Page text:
The subcellular localization of MeCP2 proteins that resulted from readthrough in transfected HeLa cells was investigated by immunofluorescent staining. For this purpose, HeLa cells were transfected with eukaryotic vectors expressing C-terminally FLAG-tagged MeCP2 fusion proteins, whereby only wild-type MeCP2-FLAG and readthrough proteins were detected using a FLAG-specific antibody. In untreated cells, MeCP2-FLAG fusion protein was only detected in the nucleus of the cells transfected with wild-type MeCP2 (Fig. 2a–c), and no signal was detected in cells expressing a mutated MeCP2 isoform (Fig. 2d–f). After treatment with NB54 and NB84, some cells showed again nuclear-localized fusion protein (Fig. 2g–l).
To test the efficiency of the novel compounds in a more in vivo-like system, we generated a mouse model for Rett syndrome by introducing the truncating mutation R168X into the murine Mecp2 protein (Mecp2R168X, Fig. 3a). This engineered truncation retains the methyl-CpG-binding domain but eliminates the C-terminal part of the coding sequence including the transcription repressor domain and nuclear localization signals. The Mecp2 transcript in brain was confirmed by RT-PCR using cDNA prepared from total RNA, and the mutation was detected by sequencing (Fig. 3d). Because it is a C-terminally truncating mouse model, we used an antibody recognizing the amino-terminal half of Mecp2 that should be preserved with the truncation. Western blot analysis showed a 72-kDa full-length protein in male wild-type mice, but failed to detect a wild-type or truncated protein of expected 18-kDa in the mutant males (Fig. 3e). Staining of ear fibroblasts with the same antibody confirmed the absence of Mecp2 protein in mutant cells (Fig. 3f). The phenotype of knock-in mice will be reported elsewhere, and preliminary observations indicate that the mouse model shows characteristics as described in other Mecp2-deficient mice.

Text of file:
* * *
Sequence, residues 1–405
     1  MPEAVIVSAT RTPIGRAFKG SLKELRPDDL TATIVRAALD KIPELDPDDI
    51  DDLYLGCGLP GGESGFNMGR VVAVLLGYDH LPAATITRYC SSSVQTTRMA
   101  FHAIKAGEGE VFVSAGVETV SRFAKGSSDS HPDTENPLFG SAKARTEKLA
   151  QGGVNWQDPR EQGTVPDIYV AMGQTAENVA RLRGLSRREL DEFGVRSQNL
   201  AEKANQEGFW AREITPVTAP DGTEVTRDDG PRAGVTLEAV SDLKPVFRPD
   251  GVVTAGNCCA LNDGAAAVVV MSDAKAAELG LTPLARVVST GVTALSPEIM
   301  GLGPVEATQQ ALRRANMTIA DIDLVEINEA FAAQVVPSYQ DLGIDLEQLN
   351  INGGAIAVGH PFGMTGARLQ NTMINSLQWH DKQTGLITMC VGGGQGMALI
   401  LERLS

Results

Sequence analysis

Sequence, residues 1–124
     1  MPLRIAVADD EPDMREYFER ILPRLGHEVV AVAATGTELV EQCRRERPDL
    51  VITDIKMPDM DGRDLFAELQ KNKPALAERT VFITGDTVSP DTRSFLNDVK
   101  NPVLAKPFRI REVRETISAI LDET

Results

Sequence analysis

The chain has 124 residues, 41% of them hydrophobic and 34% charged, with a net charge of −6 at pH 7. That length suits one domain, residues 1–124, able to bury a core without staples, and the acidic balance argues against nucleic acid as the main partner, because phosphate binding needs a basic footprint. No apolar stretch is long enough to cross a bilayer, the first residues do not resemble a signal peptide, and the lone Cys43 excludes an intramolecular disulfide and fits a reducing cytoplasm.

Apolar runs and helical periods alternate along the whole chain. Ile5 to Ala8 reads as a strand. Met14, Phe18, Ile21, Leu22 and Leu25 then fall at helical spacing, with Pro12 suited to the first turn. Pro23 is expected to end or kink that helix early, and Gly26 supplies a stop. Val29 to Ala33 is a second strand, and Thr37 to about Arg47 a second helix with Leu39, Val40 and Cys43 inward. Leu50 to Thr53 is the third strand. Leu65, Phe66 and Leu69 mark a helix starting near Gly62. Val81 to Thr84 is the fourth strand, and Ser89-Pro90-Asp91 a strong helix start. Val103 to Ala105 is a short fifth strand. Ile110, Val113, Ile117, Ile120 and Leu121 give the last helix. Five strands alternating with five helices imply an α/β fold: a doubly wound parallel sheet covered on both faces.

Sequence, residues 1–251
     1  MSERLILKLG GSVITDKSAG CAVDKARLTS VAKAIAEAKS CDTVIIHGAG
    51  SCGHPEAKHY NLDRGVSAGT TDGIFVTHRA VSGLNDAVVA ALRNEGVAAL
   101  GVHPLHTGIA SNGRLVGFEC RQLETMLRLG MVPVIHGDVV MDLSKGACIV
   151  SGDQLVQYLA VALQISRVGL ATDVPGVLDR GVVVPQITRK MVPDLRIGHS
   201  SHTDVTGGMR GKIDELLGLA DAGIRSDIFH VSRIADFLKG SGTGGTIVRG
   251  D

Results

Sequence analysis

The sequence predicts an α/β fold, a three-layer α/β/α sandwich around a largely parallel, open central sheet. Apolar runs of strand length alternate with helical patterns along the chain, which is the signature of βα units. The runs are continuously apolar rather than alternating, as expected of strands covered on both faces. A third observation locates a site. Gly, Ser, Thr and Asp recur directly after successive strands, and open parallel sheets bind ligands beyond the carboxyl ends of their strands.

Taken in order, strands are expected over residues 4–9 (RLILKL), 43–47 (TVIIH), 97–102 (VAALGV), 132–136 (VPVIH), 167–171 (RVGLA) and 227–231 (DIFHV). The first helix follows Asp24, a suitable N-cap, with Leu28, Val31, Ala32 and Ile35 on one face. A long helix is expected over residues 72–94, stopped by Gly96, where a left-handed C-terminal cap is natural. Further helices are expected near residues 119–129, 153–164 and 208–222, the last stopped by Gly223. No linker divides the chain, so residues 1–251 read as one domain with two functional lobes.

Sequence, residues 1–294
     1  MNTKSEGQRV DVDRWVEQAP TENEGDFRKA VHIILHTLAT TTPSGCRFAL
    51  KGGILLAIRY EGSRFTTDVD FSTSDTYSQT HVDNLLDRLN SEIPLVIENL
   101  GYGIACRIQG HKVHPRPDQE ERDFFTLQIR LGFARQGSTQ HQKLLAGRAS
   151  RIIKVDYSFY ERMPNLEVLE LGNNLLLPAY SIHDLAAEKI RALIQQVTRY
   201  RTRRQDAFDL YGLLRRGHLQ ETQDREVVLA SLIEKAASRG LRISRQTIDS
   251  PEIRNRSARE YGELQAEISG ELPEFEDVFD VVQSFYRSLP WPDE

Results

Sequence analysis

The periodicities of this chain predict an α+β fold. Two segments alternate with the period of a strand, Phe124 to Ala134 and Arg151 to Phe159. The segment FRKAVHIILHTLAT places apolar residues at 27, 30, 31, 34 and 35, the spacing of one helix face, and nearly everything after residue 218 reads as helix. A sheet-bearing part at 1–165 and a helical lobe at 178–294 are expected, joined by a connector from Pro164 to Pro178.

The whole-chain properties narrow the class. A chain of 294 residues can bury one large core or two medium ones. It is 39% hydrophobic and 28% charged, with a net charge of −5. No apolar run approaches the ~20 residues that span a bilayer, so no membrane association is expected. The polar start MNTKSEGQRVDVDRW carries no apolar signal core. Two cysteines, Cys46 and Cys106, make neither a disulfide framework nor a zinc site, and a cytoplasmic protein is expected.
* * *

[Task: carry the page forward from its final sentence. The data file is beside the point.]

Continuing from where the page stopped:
Isolated mouse ear fibroblasts from male wild-type and Mecp2R168X knock-in mice were treated for 4 days with different concentrations of gentamicin, NB54, and NB84. Using an anti-MeCP2 antibody detecting a C-terminal epitope of the protein, we found a dose-dependent re-expression of Mecp2 in nuclear extracts (Fig. 4a). Compared to gentamicin (0.6%) and NB54 (2.5%), the highest level of suppression was observed after treatment with NB84 (5%; Fig. 4b). Using NB84, full-length Mecp2 expression was already detected at the lowest dose of 100 μg/ml. Immunofluorescent staining using an antibody directed against the carboxy-terminal epitope of Mecp2 and fluorescent microscopy confirmed the re-expression of endogenous Mecp2 with correct location in the nucleus (Fig. 5).